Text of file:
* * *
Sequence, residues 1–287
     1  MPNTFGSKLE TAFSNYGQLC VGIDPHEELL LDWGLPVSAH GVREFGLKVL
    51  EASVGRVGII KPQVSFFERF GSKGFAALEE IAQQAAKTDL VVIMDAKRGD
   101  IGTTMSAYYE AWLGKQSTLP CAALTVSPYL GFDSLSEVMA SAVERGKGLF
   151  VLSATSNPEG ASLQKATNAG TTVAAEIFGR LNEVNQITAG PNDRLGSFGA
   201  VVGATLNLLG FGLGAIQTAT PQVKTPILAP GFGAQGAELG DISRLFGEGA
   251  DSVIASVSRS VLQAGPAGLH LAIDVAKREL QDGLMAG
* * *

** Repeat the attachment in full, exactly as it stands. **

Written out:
Sequence, residues 1–287
     1  MPNTFGSKLE TAFSNYGQLC VGIDPHEELL LDWGLPVSAH GVREFGLKVL
    51  EASVGRVGII KPQVSFFERF GSKGFAALEE IAQQAAKTDL VVIMDAKRGD
   101  IGTTMSAYYE AWLGKQSTLP CAALTVSPYL GFDSLSEVMA SAVERGKGLF
   151  VLSATSNPEG ASLQKATNAG TTVAAEIFGR LNEVNQITAG PNDRLGSFGA
   201  VVGATLNLLG FGLGAIQTAT PQVKTPILAP GFGAQGAELG DISRLFGEGA
   251  DSVIASVSRS VLQAGPAGLH LAIDVAKREL QDGLMAG